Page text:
You are seeing a 6-year-old boy with nausea and vomiting. His symptoms began acutely last evening, starting with malaise, headache, lowgrade fever, body aches, and diarrhea. On examination, he has dry mucous membranes, but no orthostatic symptoms. He has diffuse mild abdominal pain without rebound or involuntary guarding. Which of the following is the best treatment for his condition? a. Nothing by mouth until his symptoms improve b. Oral rehydration with clear liquids, advancing the diet as tolerated c. IV rehydration, advancing to oral as tolerated d. Antiemetics, given intravenously or intramuscularly e. Trimethoprim/sulfamethoxazole therapy B. loss of interest or changes in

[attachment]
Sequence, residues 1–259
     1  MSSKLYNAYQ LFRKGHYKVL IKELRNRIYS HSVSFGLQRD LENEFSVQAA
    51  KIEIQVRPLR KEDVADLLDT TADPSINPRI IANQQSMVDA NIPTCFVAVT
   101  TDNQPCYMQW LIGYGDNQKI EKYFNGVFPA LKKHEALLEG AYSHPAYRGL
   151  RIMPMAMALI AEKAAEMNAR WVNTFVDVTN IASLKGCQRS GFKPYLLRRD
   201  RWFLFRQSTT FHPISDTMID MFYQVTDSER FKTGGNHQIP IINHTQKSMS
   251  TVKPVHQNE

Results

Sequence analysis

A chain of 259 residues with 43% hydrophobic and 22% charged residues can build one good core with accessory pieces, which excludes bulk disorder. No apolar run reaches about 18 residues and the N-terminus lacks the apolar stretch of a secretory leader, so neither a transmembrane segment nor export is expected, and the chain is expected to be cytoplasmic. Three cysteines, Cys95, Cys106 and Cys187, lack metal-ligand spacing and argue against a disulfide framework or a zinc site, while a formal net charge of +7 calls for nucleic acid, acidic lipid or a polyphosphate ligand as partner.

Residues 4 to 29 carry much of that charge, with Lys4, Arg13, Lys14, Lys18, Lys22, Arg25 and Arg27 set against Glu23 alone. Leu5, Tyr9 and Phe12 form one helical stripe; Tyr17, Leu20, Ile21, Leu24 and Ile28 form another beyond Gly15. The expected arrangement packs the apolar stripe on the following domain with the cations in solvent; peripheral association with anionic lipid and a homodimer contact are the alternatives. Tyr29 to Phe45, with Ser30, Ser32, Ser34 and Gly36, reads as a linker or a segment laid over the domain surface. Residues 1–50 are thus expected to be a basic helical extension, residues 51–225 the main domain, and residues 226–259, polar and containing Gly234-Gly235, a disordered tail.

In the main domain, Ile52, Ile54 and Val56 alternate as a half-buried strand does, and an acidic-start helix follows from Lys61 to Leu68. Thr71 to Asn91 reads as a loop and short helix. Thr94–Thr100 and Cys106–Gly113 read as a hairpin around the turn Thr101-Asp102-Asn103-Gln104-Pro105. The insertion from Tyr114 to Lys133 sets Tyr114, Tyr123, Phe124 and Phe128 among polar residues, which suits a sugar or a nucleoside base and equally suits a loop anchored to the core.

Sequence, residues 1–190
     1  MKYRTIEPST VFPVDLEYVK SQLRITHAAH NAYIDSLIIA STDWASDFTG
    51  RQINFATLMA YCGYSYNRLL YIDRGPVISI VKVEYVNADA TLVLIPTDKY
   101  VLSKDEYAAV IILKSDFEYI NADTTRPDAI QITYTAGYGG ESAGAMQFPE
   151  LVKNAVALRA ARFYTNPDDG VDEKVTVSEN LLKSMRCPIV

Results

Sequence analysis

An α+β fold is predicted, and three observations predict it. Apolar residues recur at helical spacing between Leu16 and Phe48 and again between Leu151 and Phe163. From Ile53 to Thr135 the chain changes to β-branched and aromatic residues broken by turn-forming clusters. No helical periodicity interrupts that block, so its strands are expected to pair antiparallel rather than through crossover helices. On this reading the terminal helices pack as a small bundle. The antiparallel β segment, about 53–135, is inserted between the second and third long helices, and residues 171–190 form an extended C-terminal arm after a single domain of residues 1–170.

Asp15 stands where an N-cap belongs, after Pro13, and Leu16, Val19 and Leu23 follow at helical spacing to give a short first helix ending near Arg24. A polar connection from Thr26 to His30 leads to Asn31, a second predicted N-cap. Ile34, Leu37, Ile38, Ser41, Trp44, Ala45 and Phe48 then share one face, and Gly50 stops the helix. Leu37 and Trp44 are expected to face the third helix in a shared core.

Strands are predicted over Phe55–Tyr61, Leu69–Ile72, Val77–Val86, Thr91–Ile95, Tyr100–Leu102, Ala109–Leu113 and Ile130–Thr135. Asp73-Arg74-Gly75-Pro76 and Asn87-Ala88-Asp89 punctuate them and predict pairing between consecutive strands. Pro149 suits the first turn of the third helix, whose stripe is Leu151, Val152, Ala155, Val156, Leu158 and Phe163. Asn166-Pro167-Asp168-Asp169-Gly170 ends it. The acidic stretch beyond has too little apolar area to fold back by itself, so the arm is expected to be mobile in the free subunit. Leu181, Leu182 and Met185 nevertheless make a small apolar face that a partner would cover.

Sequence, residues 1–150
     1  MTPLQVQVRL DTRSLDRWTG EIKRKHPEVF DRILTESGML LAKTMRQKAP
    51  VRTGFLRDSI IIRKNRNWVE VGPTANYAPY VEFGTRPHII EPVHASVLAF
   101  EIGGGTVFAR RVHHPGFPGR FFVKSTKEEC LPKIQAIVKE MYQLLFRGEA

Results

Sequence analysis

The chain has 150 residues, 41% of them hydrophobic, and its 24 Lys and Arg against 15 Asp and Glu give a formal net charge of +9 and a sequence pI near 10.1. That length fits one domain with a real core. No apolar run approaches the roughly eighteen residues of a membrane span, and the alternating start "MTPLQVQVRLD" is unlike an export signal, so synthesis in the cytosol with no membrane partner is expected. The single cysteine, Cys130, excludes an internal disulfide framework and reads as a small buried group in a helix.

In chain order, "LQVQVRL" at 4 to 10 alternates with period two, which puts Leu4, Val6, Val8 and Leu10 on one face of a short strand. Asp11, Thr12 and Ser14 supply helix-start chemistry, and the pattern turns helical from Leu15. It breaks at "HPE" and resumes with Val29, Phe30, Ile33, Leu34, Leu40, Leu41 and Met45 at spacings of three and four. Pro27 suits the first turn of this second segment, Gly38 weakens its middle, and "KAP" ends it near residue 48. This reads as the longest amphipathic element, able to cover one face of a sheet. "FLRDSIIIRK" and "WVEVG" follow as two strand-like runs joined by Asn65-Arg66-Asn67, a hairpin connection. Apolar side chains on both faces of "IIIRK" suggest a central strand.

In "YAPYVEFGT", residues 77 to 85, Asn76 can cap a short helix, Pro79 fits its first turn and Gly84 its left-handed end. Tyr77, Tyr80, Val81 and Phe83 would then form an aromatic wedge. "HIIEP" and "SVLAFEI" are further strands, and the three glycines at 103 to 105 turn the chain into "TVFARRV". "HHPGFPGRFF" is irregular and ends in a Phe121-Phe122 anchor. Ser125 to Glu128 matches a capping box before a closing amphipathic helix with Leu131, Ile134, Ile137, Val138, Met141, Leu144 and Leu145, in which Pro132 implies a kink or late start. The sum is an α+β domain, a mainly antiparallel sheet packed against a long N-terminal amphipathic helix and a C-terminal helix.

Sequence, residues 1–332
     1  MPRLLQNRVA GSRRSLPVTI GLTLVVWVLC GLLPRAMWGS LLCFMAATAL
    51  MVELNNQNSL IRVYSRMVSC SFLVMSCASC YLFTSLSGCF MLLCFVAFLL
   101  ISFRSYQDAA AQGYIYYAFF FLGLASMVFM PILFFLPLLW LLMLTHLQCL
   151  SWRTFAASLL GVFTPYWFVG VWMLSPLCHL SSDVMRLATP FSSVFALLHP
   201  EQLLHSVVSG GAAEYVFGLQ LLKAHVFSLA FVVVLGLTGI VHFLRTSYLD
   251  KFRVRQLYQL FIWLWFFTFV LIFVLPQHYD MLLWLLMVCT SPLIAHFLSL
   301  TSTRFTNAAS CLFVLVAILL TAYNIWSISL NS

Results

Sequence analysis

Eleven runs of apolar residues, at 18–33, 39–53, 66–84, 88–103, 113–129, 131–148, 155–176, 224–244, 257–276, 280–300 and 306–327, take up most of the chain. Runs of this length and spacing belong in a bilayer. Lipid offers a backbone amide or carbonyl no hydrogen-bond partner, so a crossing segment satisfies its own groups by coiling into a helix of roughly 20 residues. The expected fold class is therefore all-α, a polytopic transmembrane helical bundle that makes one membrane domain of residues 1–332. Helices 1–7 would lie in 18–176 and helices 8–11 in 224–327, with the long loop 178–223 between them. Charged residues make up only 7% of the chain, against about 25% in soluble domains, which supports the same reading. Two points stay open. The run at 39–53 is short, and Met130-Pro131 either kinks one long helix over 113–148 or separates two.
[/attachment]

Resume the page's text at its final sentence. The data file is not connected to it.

Depression is commonly seen in primary care settings. In fact, it is estimated that only about 20% of depression-related health care occurs in mental health care settings. Nonpsychiatrists write approximately 80% of the prescriptions for antidepressants. Patients with major depressive disorder often present with vague physical symptoms rather than emotional complaints. To make the diagnosis of depression using DSM criteria, the patient must describe either depressed mood for most of the day nearly every day for at least 2 weeks, or loss of interest in usually enjoyable activities. Irritable mood may take the place of depressed mood to make the diagnosis as well. In addition to one of those two symptoms, the patient must experience other symptoms of depression, including sleep changes, feelings of guilt or worthlessness, loss of energy, loss of concentration, change in appetite, psychomotor speeding or slowing, or suicidal thoughts, plans, or intent.